From 1943 until 1955, when he was elected to the National Academy of Sciences, Leonard made solo appearances as a bass-baritone with the Chicago, Cleveland and St. Louis Symphony Orchestras.
Lehigh’s hilly campus has long been noted for its stately trees, which can be traced back to the efforts of the university’s fifth president, Henry Sturgis Drinker, an 1871 graduate. Drinker, who was trained as an engineer, had a deep interest in forestry. He was moved by the growing blight of the majestic chestnut trees that dotted Lehigh’s campus when he was president in 1905, and he authorized funds for the reforestation of Packer Campus and Sayre Park.
Lehigh remains a good steward of Drinker’s vision, preserving the lush landscape that complements its neo-gothic architecture. Unseasonably brutal weather conditions in the autumns of 2011 and 2012 (Hurricane Sandy) toppled several trees. They were quickly replaced, although the young trees may require decades of growth before they reach their predecessors’ stature.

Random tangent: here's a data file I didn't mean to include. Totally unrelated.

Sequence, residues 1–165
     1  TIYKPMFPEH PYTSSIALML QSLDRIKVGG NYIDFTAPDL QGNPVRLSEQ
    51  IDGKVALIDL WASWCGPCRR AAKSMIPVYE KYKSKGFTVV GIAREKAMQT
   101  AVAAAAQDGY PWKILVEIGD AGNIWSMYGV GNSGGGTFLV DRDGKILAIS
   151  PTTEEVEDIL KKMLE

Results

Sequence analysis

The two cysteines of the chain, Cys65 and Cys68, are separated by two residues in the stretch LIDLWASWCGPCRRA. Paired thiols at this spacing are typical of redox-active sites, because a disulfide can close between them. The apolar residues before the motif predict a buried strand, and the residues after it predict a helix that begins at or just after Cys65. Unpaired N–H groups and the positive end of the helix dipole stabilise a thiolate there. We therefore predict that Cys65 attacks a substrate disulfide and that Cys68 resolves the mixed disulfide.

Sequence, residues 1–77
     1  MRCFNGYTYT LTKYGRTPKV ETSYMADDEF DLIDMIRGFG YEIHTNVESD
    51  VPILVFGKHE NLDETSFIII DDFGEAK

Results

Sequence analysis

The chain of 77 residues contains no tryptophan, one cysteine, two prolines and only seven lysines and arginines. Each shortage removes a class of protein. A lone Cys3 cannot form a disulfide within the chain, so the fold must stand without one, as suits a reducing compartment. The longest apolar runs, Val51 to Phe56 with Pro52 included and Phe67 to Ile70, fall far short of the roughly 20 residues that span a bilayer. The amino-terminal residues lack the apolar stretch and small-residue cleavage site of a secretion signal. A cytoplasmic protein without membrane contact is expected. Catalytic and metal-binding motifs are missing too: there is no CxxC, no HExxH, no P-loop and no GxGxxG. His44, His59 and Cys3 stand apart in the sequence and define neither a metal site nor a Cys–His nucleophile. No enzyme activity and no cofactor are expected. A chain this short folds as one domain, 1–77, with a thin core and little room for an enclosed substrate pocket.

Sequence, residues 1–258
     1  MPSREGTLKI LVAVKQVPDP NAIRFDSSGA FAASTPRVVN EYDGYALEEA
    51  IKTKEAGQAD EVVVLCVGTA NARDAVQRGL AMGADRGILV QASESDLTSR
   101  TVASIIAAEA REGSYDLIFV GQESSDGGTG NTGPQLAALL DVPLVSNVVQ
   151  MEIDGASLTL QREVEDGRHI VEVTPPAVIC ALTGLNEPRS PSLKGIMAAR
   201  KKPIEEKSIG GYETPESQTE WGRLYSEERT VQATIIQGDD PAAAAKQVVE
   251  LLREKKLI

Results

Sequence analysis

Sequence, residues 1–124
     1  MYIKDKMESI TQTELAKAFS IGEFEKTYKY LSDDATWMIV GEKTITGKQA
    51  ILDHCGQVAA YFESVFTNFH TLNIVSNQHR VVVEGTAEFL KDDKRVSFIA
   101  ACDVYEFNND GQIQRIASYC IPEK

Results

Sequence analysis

The university has included active forest management in its long-range sustainability planning, ensuring that the aesthetic appeal of a verdant campus lives on.
Ken French, the Roth Family Distinguished Professor of Finance at Dartmouth College, earned a B.S. in mechanical engineering from Lehigh and an MBA, M.S. and Ph.D. in finance from the University of Rochester.